American Mediocrity

How is Michael Lind so damn prolific? If he's not writing books rearguing Vietnam or tracking Southern ascendance , he's penning must-reads on America's burgeoning dispensability in foreign affairs. And I thought bloggers covered a lot of ground. Jealousy aside, Lind's piece , sneakily reprinted by Steve Clemons, is the best big-think I've read on foreign policy in the last couple of months. American exceptionalism, until recently an international belief, is now confined to mere regions of our own country. But since those regions control the bully pulpit, the world is finding itself more and more contemptuous of the arrogant, hypocrital, self-defined superpower righteously condemning the uncooperative just before begging for their help. As a result, various areas of the world are uniting to create international superstates, confederations of countries unified in world affairs, often for the sole purpose of blunting American influence. And it's working, both in practical matters and in...

Pesky Political Bedfellows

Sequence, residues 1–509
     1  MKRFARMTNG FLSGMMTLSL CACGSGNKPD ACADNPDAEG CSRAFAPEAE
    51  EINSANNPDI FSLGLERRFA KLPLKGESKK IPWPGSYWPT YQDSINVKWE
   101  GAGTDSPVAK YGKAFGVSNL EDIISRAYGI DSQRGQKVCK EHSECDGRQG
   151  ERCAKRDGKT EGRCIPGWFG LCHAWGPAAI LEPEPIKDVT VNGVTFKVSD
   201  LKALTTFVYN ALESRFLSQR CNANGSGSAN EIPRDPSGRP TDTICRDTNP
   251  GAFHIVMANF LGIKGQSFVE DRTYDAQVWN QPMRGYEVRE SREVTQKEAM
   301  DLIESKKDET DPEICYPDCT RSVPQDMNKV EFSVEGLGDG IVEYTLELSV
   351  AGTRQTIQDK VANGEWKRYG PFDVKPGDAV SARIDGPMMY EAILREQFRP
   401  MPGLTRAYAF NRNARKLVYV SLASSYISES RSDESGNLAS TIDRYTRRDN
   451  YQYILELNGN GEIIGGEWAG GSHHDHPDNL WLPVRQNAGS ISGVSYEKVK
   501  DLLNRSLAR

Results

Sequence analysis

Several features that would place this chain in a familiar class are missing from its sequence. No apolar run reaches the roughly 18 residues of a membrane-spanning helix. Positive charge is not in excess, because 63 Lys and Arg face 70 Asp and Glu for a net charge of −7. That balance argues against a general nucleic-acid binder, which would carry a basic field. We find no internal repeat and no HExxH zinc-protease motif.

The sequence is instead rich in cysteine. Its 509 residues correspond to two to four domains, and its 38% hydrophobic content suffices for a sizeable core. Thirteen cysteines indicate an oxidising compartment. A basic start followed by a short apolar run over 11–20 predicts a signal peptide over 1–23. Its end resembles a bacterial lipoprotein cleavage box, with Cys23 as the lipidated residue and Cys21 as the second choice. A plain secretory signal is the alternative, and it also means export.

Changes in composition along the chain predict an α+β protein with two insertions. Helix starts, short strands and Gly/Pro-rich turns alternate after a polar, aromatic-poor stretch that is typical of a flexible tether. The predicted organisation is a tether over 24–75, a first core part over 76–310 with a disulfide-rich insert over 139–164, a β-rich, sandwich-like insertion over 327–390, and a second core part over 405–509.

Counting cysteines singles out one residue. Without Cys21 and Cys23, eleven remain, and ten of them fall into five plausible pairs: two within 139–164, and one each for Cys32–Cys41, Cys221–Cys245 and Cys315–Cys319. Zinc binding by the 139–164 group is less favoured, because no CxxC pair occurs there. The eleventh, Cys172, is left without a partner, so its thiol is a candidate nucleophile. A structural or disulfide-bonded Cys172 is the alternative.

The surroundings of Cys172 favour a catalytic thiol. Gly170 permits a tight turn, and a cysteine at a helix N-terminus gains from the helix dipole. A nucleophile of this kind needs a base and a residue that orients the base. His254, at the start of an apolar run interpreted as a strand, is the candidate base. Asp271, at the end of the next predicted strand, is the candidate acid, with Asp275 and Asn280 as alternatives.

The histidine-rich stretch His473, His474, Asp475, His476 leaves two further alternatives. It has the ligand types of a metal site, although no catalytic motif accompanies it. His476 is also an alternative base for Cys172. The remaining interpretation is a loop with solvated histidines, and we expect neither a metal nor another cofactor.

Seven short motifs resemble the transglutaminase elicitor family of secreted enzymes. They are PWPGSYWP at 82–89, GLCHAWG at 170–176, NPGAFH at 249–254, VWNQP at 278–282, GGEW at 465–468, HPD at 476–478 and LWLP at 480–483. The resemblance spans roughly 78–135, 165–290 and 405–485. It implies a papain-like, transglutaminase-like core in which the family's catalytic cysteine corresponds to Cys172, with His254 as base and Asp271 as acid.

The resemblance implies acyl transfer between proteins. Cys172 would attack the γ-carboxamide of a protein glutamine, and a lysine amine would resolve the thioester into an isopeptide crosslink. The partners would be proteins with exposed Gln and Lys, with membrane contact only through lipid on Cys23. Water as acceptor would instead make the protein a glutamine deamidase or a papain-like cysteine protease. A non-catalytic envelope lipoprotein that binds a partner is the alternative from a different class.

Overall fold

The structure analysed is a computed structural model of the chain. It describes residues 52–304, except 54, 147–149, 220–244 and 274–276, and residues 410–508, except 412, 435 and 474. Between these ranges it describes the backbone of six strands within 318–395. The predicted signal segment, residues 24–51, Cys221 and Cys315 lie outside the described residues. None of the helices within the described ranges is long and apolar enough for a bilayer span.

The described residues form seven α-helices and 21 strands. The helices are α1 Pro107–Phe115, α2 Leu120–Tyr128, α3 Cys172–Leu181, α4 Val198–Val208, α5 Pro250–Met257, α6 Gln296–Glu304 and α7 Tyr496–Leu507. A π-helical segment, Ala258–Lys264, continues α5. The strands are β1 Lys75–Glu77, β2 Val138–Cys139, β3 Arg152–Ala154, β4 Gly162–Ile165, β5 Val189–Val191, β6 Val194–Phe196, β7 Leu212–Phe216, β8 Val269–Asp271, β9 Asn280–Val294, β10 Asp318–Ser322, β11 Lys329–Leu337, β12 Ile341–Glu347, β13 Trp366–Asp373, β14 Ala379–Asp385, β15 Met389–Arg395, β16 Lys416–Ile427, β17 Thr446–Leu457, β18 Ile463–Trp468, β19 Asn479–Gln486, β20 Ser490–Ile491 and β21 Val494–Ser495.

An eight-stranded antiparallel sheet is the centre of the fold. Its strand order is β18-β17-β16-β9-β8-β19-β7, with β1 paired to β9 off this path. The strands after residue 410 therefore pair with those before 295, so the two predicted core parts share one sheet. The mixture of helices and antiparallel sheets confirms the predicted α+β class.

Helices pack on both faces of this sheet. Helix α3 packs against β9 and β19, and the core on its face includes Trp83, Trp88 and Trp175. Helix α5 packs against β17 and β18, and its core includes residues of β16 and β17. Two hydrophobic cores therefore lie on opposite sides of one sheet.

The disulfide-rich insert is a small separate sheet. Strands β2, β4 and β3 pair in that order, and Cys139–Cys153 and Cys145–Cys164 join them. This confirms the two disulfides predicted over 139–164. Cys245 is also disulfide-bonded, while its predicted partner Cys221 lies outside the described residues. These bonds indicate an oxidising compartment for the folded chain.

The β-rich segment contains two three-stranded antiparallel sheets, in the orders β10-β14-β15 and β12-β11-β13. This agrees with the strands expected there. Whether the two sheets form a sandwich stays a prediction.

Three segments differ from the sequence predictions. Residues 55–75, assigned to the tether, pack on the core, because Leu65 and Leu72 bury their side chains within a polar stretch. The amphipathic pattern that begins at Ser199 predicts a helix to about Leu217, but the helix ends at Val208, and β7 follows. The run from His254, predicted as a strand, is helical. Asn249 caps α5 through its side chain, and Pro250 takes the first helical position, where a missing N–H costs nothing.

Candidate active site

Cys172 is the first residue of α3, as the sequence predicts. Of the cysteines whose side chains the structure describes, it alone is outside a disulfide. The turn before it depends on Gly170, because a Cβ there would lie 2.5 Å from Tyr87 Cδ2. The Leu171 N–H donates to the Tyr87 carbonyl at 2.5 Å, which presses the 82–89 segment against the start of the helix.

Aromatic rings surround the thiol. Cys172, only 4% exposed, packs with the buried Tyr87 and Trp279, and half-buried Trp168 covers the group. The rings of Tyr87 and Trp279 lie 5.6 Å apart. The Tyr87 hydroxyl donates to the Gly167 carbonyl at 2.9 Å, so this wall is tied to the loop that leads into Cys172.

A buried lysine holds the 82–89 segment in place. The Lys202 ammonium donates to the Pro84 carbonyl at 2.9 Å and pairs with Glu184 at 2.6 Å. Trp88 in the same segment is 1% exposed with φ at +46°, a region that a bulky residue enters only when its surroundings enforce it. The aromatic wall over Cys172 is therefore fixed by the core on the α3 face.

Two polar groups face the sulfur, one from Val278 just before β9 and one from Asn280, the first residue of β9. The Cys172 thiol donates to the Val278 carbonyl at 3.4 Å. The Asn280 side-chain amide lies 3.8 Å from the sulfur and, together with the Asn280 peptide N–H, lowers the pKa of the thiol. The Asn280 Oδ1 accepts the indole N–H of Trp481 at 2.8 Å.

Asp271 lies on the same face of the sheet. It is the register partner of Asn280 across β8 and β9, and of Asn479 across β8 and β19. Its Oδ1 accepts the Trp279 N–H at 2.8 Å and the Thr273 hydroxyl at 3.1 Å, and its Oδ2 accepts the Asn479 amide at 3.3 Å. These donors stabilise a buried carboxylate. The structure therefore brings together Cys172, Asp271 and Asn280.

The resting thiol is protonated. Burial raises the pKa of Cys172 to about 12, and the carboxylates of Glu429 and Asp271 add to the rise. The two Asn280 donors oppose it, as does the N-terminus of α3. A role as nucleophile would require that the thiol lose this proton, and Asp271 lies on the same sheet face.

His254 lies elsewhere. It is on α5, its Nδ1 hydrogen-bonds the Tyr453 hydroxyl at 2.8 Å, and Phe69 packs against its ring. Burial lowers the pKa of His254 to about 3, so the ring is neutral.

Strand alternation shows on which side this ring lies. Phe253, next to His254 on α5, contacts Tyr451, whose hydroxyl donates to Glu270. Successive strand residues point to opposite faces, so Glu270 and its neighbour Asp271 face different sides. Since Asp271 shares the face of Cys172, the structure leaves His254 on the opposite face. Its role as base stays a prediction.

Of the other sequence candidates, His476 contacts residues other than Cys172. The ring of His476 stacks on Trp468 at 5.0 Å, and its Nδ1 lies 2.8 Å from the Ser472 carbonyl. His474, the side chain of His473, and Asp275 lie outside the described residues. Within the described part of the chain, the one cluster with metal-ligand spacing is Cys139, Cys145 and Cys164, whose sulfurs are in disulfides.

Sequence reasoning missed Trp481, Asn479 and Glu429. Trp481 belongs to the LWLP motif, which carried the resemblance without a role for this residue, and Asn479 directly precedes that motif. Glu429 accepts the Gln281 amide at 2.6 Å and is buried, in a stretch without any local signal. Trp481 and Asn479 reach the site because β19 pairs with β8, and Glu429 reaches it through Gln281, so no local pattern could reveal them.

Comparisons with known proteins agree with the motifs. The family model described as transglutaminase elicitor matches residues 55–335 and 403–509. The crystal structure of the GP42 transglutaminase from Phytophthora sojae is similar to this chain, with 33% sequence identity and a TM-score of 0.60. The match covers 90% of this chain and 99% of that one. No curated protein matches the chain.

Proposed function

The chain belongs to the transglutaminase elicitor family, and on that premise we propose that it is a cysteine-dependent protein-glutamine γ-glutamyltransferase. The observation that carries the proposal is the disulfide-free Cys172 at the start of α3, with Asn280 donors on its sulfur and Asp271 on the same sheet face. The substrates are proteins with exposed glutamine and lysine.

James Dobson, fresh from protecting our children from the persuasive homosexual arguments of aquatic cartoon characters, has turned his attention to bigger, harder, longer fights. Namely, homosexuals (what can I say? The guy's got focus). Along with some Christian superfriends, he's formed The Arlington Group and written Karl Rove a letter promising to sink Social Security privatization private accounts obliteration if Bush doesn't move faster on outlawing his Vice-President's daughter. Dobson has reason to be worried. Bush, of course, famously broke with the party platform and argued that: "I don't think we should deny people rights to a civil union, a legal arrangement, if that's what a state chooses to do so." When Charlie Gibson asked if he was disagreeing with the GOP platform, Bush, shooting characteristically straight, replied "Right". Only it seems that his inflection was off. What he meant to do was say "Riiiiight", give a wink and cross his fingers. At least that's what...